Daily Archives: November 7, 2013

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Reading the Church Dogmatics 14: In Media Res

Dogmatics as an enquiry presupposes that the true content of Christian talk about God can be known by man.  It makes this assumption as in and with the Church it believes in Jesus Christ as the revealing and reconciling address of God to man.

Karl Barth, Church Dogmatics I/1, p. 12

Theology begins in faith that we have received the promise of God in Jesus Christ, that this promise is truly made to us. That is not a conclusion; it is not a judgment – it is simply the basis upon which Christian theology works. Barth does not ask here (indeed, he shows no interest here in asking) how we come to take this as our basis. If we do so take it, we are doing Christian theology. If we do not, we are not.

Barth is not interested in asking whether or not this is the right place for the church (and dogmatics with it) to look for discipline and judgment; he is not interested in asking whether or not the truth has really been given here. He does not, after all, think that we have anywhere to stand if we do want to ask those questions.

So when we say ‘Jesus is Lord’ and go on to ask whether we say it well, we are not asking, ‘Is it really Jesus who is Lord, or might we find another?’ Rather, we are seeking to be more faithful to the conviction that founds theology. That is (I take it) at least part of what it means that this standard is ‘given with the church’ (12): the church is, precisely, the communion founded on this promise.

I do not, however, want to describe ‘Jesus is Lord’ (or ‘Jesus Christ is the revealing and reconciling address of God to man’) as an axiom of our theological system.  I don’t want to suggest that this first claim (‘Jesus is Lord’) is fully in our grasp, and that our dogmatic task is to see what else it implies.  It is not, in that sense, a starting point.

Dogmatics does not have a starting point.

It always begins in media res, in the midst of things.  It begins its work in the midst of a church that already says ‘Jesus is Lord’ (and says it in some particular way – or, rather, a whole range of particular ways).  And it seeks to measure that church against the standard to which all that saying points.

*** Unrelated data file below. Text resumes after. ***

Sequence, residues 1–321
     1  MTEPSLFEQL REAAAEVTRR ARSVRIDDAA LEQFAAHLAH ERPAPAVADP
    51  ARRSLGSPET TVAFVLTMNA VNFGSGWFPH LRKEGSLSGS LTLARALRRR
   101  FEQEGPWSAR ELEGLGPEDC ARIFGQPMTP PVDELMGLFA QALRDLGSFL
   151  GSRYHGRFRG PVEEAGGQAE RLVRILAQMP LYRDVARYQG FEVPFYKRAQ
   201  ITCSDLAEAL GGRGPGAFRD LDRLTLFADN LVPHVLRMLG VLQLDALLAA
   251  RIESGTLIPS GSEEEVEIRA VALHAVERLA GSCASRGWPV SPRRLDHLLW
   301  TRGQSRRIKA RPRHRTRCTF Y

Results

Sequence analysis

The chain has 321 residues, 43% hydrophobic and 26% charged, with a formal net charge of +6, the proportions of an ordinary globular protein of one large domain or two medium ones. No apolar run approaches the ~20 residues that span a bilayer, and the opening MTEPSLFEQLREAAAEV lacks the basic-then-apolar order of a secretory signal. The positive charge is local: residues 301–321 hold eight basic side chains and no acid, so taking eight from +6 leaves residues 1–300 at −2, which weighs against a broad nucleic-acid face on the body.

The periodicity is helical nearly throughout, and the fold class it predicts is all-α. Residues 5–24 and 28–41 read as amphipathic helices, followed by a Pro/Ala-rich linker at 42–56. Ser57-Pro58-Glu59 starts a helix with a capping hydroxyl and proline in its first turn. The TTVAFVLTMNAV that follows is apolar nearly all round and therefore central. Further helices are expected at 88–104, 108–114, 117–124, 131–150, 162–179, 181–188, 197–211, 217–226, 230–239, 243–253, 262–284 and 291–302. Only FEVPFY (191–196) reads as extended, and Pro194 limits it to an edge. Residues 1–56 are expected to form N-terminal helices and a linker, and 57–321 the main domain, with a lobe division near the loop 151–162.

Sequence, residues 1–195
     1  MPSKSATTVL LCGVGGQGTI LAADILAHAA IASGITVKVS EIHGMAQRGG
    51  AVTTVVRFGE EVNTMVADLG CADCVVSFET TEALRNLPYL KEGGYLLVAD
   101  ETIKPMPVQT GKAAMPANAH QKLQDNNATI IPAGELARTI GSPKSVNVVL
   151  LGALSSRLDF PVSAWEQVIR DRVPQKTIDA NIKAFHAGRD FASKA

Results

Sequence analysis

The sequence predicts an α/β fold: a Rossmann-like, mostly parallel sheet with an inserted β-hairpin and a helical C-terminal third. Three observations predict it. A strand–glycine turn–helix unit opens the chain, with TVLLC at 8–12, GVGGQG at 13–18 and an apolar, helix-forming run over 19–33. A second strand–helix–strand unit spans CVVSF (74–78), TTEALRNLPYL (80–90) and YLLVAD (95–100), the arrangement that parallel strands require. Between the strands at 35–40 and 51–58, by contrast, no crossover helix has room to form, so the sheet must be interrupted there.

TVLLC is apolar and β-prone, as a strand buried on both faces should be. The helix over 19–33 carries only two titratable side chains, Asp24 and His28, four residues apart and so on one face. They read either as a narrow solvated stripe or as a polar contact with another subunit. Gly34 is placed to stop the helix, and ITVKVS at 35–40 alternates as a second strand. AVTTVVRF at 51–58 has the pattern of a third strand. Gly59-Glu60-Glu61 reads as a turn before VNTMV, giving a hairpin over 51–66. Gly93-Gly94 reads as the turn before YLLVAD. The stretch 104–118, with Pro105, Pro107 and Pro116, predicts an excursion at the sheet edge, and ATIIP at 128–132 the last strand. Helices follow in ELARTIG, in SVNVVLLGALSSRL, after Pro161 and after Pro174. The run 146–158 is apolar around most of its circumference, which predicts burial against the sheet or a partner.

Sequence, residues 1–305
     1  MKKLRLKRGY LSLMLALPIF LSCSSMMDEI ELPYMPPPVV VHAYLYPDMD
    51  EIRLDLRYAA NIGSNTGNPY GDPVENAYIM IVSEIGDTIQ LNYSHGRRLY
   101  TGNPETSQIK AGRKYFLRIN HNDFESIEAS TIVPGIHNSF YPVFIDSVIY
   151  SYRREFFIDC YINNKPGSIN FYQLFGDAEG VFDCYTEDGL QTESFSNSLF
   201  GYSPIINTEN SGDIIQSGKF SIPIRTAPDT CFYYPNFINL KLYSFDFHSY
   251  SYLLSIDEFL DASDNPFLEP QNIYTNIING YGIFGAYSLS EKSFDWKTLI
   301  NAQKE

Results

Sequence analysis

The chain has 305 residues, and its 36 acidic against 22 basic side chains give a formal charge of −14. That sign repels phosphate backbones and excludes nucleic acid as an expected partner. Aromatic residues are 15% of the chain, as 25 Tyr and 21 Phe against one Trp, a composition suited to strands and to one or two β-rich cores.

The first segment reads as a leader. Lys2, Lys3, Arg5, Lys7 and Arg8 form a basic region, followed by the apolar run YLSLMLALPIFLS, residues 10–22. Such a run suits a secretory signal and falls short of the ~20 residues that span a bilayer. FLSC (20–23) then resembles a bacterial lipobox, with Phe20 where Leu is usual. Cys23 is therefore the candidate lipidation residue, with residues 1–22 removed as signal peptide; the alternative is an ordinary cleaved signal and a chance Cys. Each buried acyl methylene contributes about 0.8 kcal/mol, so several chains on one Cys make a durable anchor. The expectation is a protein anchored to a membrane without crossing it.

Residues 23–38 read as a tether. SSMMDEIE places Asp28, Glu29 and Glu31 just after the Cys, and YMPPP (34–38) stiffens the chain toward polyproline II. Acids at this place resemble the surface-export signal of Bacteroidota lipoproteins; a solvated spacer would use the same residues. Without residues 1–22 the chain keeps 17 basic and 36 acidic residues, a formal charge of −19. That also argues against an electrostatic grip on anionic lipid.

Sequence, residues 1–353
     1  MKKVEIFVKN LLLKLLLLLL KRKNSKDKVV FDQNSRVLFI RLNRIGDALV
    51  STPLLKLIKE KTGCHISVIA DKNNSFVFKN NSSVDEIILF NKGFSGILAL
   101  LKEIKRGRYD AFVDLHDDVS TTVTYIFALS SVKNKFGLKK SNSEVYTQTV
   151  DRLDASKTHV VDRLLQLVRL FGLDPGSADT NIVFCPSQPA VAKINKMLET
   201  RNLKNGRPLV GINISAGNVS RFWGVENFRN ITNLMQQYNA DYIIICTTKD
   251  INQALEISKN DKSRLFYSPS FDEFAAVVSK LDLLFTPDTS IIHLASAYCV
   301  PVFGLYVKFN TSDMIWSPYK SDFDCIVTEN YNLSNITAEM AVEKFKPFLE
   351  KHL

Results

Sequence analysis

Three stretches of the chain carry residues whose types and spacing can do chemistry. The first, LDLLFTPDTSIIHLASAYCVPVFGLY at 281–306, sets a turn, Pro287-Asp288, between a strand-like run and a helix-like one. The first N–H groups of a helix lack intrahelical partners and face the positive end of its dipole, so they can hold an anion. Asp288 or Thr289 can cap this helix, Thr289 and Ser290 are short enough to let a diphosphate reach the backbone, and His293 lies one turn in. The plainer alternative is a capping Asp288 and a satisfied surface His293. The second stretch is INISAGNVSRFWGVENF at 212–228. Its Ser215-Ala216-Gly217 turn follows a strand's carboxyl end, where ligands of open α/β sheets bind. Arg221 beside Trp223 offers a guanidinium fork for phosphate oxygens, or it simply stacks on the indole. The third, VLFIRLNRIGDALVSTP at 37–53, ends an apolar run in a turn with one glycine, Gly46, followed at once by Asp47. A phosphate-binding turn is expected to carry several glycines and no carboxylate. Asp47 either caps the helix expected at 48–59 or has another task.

Yet Dogmatics is only necessary at all because the church says this ‘Jesus is Lord’ inadequately – which means that the measuring work undertaken by dogmatics must be similarly inadequate.

All that dogmatics can do is take its stand on the church’s current ways of saying ‘Jesus is Lord’, and on the ways in which this speaking places the church under discipline, and then see what refinement and repair of the church’s present speech is demanded by that discipline.  To the extent that this leads the church to say ‘Jesus is Lord’ differently, it will also alter the form of discipline to which that speech points, and so alter the work that dogmatics has to do.  In other words: Dogmatics can only work with what the material it finds around itself; it cannot conduct its work of measurement with its feet planted on any foundation that could guarantee the accuracy and relevance of its work.

It would be tempting to say instead that the pursuit of dogmatics simply involves the trust that this process forms not a vicious circle nor a random walk but a spiral: that by means of this iterative asking and re-asking of the dogmatic question, with each iteration by itself inadequate, the speaking of the church can nevertheless be brought slowly but surely to more and more adequate ways of saying ‘Jesus is Lord’.  Yet, as I noted in an earlier post, even saying this would be saying too much, for Barth.  To use the language I used in that earlier post, theology takes place not just under discipline, but also under judgment – and therefore Barth can say that dogmatics must be ‘a laborious movement from one partial human insight to another with the intention though with no guarantee of advance‘ (12, emphasis mine).


This post is part of a series on the opening of Karl Barth’s Church Dogmatics I/1.